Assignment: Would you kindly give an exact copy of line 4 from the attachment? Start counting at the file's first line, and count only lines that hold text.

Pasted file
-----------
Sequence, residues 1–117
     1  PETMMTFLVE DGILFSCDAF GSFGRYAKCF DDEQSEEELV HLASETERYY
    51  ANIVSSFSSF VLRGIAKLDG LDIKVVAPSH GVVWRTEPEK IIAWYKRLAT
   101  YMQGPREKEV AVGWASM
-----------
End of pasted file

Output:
   101  YMQGPREKEV AVGWASM